September 10, 2012
BULAWAYO, ZIMBABWE — On March 26, a new exhibition opened at the Bulawayo National Arts Gallery in Zimbabwe. It left nothing to the imagination. Even the walls, painted red, appeared stained in blood.
In one corner, the bloodied figure of Joshua Nkomo, the late vice president, bends to sign a peace agreement. Nearby, two figures hang upside down on an artistically configured tree. The illusion of blood is everywhere. Graffiti, 3-D installations and paintings unflinchingly tell the story of the 1983 Zimbabwean genocide.
Just one day after the launch of this exhibition, police arrested and detained Owen Maseko, 36, a local visual artist based in Bulawayo. Following his arrest, his work, the first of its kind to depict the horror of the genocide in the Matabeleland and Midlands provinces, was banned. Newspapers were used to cove his art, preventing onlookers from seeing the illustrations, graffiti and paintings of what Maseko dubs, “the decade of horror.”
Maseko is being charged with “inciting violence, undermining Mr. Mugabe’s name and demeaning Mr. Mugabe’s tribe, the Shonas.” The exhibition, entitled Sibathonthisele, a glimpse of the past, was scheduled to run through April.
Maseko appeared in court on Monday and posted bail of $100USD. His trial date has been pushed back to May.
An Unrecognized Genocide
According to a report Gukurahundi in Zimbabwe, published by the Catholic Commission for Justice and Peace and the Legal Resources Foundation, North Korean-trained Zimbabwean troops, now known as the “red-bereted 5th brigade,” were equipped with what the report calls “unusually cruel skills.”
The report indicates that opposition leaders were targeted for property destruction, gang rape and mass murder in attempts to quell the dissidents in the Matabeleland region. In all, more than 20,000 people were killed. The code name, Gukurahundi, which means the rain that washes away the chaff before the spring rains, was given by the government to this operation which has yet to be classified as a genocide by the international criminal court.
Maseko’s exhibition, intended to initiate discussions about the genocide, met with strong resistance from the Zimbabwe African National Union - Patriotic Front, ZANU PF, the political party that was in power during the genocide and currently controls the army and security agencies. They have long controlled media coverage with regard to the killings.
Maseko is a survivor of the genocide. His lawyer, Kucaca Phulu, says his client spent three days in custody at the Bulawayo Central Police Station. Phulu, a member of the Zimbabwe Lawyers for Human Rights, says Maseko is being held on bogus charges.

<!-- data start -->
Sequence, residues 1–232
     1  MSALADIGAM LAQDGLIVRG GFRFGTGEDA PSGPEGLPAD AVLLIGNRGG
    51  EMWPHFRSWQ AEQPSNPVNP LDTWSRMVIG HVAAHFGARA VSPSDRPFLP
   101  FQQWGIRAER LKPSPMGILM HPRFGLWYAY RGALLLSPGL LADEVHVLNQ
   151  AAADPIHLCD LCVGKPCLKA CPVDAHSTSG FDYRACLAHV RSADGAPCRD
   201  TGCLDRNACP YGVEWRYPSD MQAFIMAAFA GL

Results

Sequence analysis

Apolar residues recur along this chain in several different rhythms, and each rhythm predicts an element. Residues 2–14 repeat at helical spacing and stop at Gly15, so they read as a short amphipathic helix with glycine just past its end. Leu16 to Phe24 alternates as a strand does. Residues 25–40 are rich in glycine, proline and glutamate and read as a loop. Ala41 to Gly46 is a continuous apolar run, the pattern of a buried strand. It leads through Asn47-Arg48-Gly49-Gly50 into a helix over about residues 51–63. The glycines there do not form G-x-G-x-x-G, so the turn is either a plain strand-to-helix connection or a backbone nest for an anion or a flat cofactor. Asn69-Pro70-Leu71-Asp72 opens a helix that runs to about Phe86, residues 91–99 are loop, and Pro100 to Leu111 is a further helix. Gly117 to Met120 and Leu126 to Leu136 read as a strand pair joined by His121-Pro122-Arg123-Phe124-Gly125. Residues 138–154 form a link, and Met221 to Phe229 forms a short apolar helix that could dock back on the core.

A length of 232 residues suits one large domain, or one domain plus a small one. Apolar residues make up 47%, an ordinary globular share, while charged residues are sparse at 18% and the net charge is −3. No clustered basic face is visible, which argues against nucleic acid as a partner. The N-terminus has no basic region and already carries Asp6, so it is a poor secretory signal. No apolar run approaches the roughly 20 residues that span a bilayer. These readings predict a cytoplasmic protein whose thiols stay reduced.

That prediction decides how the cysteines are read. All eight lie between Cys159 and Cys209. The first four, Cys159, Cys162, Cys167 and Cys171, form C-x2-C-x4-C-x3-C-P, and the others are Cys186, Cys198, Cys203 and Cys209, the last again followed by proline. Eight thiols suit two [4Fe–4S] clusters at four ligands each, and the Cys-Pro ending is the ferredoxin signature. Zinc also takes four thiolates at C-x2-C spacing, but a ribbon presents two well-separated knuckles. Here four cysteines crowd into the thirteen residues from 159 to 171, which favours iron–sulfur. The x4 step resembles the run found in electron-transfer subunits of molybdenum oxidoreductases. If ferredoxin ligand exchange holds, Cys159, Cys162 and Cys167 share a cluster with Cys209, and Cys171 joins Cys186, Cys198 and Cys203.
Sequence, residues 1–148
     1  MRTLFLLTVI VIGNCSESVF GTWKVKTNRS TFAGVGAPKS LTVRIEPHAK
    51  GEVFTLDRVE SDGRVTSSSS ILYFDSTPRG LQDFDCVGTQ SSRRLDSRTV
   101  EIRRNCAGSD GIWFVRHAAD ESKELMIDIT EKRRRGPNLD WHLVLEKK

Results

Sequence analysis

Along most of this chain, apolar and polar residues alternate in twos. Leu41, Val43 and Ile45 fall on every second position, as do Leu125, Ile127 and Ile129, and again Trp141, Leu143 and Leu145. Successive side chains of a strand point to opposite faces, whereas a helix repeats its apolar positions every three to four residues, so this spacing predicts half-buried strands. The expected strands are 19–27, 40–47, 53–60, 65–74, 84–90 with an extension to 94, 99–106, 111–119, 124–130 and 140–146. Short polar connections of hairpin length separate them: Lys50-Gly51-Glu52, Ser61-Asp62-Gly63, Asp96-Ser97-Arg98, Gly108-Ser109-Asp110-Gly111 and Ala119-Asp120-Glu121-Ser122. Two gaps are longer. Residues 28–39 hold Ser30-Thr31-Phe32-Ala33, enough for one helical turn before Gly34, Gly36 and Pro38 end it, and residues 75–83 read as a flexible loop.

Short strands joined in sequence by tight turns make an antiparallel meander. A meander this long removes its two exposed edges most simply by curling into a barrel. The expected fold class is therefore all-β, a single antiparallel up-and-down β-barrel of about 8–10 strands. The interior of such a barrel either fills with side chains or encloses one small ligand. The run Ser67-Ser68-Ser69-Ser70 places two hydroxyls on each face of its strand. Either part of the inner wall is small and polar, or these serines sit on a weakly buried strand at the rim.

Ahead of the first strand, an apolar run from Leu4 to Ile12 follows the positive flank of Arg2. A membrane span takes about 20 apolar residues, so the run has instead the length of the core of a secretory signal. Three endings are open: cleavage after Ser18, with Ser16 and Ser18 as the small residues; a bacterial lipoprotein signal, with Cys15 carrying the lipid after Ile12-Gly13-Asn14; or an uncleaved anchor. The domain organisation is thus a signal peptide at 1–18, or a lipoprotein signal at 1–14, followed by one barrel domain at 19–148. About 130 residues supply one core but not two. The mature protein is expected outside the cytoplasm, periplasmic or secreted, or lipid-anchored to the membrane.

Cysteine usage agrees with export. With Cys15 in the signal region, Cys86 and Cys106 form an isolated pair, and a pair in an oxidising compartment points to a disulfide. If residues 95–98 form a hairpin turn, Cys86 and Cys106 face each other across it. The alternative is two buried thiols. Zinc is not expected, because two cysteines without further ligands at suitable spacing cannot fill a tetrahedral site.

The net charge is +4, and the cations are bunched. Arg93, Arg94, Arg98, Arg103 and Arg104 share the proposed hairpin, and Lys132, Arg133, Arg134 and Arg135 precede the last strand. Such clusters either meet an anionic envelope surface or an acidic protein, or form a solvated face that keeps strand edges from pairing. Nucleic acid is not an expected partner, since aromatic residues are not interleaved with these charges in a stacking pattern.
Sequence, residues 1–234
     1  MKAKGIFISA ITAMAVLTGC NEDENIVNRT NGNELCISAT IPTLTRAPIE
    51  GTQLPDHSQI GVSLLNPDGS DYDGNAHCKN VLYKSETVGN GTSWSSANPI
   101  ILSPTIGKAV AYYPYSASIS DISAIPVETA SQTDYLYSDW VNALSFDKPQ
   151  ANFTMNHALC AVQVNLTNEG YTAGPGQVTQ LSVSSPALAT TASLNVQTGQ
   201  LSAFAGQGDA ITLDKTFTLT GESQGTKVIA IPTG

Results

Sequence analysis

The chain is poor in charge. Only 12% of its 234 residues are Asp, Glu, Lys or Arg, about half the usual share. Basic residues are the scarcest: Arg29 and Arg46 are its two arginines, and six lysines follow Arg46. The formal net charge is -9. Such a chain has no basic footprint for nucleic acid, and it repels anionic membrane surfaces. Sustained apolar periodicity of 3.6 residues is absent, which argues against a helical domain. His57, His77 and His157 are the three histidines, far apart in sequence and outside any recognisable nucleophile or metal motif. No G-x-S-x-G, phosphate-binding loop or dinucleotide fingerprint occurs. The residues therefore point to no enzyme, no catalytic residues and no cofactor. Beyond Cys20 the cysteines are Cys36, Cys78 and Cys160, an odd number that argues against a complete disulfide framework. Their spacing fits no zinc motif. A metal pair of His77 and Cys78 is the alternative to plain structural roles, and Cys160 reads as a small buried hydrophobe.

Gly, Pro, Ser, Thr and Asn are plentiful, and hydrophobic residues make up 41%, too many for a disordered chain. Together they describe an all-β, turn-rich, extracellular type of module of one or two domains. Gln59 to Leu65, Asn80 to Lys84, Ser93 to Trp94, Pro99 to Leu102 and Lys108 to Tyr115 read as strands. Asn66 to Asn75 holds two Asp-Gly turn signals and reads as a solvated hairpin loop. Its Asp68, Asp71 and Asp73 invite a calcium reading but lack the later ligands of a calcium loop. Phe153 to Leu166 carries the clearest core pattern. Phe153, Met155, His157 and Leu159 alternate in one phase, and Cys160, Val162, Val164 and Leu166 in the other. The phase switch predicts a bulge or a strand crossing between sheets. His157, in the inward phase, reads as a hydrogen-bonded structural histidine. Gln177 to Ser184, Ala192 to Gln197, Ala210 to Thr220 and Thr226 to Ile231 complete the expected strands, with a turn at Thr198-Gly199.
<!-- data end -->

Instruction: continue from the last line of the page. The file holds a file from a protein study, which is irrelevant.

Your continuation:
“The police are charging my client under Section 33 and Section 42 of the Criminal Law and Codification (Reform) Act, but the laws do not cover pictures, paintings and drawings. The charges should therefore fall off,” Phulu says.
If found guilty of violating Section 33 he may be convicted of undermining the authority of the president. Section 42 makes it a crime to utter provocative statements about race, tribe, place of origin or religion. The crime, described as “causing offense,” carries varying penalties.
Victor Mpofu, the presiding magistrate in Maseko’s case, has moved subsequent court dates into May and has required Maseko to make weekly check ins with local authorities. He has also been banned from international travel. If found guilty, Maseko may be required to pay a fine, could be sentenced to a prison term of one year or both.
Civil society condemns the arrest of Maseko
Methuseli Moyo, director of communication and marketing for the Zimbabwe African People’s Union, says that Maseko’s arrest proves that those behind the Gukurahundi atrocities are unrepentant. Moyo says the arrest undermines freedom of expression, a common issue in Mugabe’s Zimbabwe. "People are outraged," Moyo says, in part because the exhibition was intended to heal.
Many civilians say the immediate ban of Maseko’s exhibit reflects the current repressive environment in Zimbabwe.
Effie Ncube, the chairperson of the Southern Region Consortium on Constitution Reform, views the arrest of Maseko as a perpetuation of media blackout attempts by the ruling political party.
“Arresting a person for expressing himself [about] Gukurahundi or any other atrocities suggests a serious disregard of the feelings of victims,” she says. “The way society treats its journalists and artists and responds to dissenting voices defines its democratic worth.”
President Mugabe has refused to discuss the genocide in public and efforts to get a comment from his spokesman, Rugare Gumbo, were unreturned.